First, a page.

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Le Ton Beau De Marot: In Praise Of The Music…
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Le Ton Beau De Marot: In Praise Of The Music Of Language (original 1997; edition 1998)

by Douglas R. Hofstadter

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8361218,505 (3.95)26
Not Merely a set of translations of one poem, Le Ton beau de Marot is an autobiographical essay, a love letter to the French language, a series of musings on life, loss, and death, a sweet bouquet of stirring poetry - but most of all, it celebrates the limitless creativity fired by a passion for the music of words. Dozens of literary themes and creations are woven into the picture, including Pushkin's Eugene Onegin, Dante's Inferno, Salinger's Catcher in the Rye. Villon's ballades, Nabokov's essays, Georges Perec's La disparition, Vikram Seth's Golden Gate. Horace's odes, and more. Rife with stunning form-content interplay, crammed with creative linguistic experiments yet always crystal-clear, this book is meant not only for lovers of literature, but also for people who wish to be brought into contact with current ideas about how creativity works, and who wish to see how today's computational models of language and thought stack. Up next to the human mind.… (more)
Member:jtcooper
Title:Le Ton Beau De Marot: In Praise Of The Music Of Language
Authors:Douglas R. Hofstadter
Info:Basic Books (1998), Paperback, 832 pages
Collections:Your library
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Le Ton Beau De Marot: In Praise of the Music of Language by Douglas R. Hofstadter (1997)

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» See also 26 mentions

English (10)  Italian (1)  Danish (1)  All languages (12)
Showing 1-5 of 10 (next | show all)
A unique look at language and beyond, woven through with a painful emotionality. ( )
  mrgan | Oct 30, 2017 |
In Disparagement of the Monotony of Language

Dearest Doug,
Please don't bug
Us with rhyme
One more time.
Reading through
Sev'nty-two
Poems built on
"Ma Mignonne"
Is real tough.
Nuff's enough!
And no line
For Will Quine
When you ask
If the task
To create
A translate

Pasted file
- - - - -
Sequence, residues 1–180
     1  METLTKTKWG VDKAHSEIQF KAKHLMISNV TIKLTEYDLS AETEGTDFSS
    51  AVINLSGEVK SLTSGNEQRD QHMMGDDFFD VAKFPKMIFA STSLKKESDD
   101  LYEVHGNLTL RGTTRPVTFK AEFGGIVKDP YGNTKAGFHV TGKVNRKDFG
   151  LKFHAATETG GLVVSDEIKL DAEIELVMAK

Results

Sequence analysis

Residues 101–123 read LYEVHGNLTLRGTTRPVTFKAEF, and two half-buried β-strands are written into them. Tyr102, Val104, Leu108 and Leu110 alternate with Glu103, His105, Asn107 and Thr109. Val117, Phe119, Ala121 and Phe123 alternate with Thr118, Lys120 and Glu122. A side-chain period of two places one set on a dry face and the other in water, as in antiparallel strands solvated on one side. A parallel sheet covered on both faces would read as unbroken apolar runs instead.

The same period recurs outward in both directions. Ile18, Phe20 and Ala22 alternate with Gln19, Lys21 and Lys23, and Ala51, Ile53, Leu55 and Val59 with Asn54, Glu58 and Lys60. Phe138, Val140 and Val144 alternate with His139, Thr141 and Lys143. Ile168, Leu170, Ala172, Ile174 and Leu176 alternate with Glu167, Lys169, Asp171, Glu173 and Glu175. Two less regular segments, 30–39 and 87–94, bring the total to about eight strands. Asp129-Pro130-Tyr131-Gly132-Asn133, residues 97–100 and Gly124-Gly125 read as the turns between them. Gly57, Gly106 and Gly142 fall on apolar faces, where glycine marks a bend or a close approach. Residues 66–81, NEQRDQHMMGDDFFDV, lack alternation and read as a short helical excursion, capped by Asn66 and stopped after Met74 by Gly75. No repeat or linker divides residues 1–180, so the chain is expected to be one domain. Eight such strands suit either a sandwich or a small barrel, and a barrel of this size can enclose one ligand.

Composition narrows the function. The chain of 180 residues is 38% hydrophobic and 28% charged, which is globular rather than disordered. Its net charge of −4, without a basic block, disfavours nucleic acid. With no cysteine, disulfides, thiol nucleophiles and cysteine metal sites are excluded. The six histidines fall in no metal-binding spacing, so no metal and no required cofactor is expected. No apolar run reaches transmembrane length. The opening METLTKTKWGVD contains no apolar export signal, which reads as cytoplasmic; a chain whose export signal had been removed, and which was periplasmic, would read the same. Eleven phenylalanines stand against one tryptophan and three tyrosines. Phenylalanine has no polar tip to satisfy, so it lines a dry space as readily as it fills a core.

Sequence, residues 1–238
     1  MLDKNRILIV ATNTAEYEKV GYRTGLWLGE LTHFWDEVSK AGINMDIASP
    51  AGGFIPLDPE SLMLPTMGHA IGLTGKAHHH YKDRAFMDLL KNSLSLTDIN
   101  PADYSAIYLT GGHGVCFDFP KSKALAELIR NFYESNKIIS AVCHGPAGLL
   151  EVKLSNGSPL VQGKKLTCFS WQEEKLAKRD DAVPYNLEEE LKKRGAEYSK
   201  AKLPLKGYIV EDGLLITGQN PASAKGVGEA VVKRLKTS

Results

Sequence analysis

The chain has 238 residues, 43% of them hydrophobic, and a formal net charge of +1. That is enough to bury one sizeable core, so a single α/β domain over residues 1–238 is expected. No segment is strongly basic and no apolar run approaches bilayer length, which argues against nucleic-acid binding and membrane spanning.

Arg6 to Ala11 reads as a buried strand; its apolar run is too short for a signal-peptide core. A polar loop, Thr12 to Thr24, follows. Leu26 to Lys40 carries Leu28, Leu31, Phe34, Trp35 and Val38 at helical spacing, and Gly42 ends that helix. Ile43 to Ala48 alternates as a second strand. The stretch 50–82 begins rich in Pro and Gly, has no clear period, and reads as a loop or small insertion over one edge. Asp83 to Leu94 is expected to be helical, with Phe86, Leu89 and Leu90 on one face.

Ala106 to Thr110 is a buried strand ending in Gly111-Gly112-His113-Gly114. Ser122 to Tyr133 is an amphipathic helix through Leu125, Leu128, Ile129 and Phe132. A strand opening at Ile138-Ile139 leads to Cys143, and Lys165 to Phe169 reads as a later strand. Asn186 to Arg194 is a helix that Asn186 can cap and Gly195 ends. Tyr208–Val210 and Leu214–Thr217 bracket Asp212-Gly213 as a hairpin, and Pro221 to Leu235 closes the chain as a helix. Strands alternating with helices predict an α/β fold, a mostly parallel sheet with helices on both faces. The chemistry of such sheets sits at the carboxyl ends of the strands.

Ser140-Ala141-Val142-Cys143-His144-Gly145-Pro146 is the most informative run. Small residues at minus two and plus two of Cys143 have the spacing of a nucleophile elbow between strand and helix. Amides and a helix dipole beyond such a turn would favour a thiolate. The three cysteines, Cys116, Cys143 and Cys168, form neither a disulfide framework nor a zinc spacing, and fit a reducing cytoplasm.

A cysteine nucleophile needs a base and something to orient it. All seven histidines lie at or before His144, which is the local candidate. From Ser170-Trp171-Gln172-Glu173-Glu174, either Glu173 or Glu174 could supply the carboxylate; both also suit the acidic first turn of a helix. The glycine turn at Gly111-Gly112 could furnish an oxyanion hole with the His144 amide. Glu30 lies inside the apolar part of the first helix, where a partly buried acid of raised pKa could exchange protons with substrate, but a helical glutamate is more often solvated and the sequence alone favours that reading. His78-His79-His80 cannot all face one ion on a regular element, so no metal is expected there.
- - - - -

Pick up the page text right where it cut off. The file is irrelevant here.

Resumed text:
Can be done?
It's no fun,
Also rude,
To conclude
Douglas Hof-
Stadter's off
Of his game.
All the same,
We can see
G-E-B
This is not.
Thanks a lot! ( )
2 vote cpg | Oct 14, 2017 |
A really fun book and, having read all/most of Hofstadter's books, I'm still partial to GEB. All of these books are fascinating in their own way: this one with all the poems (although, there does come a point where you feel like the poems are just baggage he uses because he spent so much time on them). None of them capture the magic of the math theorems he went into with GEB

Still, he's one of my favorite authors (and, after seeing the care he puts into the aesthetics of his book, I wish other authors had his drive) ( )
  Lorem | Aug 1, 2015 |
This is the book that makes ME want to be a translator. ( )
  JenneB | Apr 2, 2013 |
The main theme of this book is translation of poetry and the various difficulties of respecting both form and content, illustrated by a series of translations of a single short poem ('Ma Mignonne' by Clement Marot). However, it also includes discussion of machine translation, wordplay, artificial intelligence research, and episodes from the author's life with his (now deceased) wife. On the whole, it was an interesting and enjoyable read, but I could have done without some of the rants about rock music and how the phrase "you guys" is horribly sexist. ( )
  tronella | May 30, 2011 |
Showing 1-5 of 10 (next | show all)
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Author nameRoleType of authorWork?Status
Hofstadter, Douglas R.primary authorall editionsconfirmed
Marot, ClémentContributorsecondary authorall editionsconfirmed
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Not Merely a set of translations of one poem, Le Ton beau de Marot is an autobiographical essay, a love letter to the French language, a series of musings on life, loss, and death, a sweet bouquet of stirring poetry - but most of all, it celebrates the limitless creativity fired by a passion for the music of words. Dozens of literary themes and creations are woven into the picture, including Pushkin's Eugene Onegin, Dante's Inferno, Salinger's Catcher in the Rye. Villon's ballades, Nabokov's essays, Georges Perec's La disparition, Vikram Seth's Golden Gate. Horace's odes, and more. Rife with stunning form-content interplay, crammed with creative linguistic experiments yet always crystal-clear, this book is meant not only for lovers of literature, but also for people who wish to be brought into contact with current ideas about how creativity works, and who wish to see how today's computational models of language and thought stack. Up next to the human mind.

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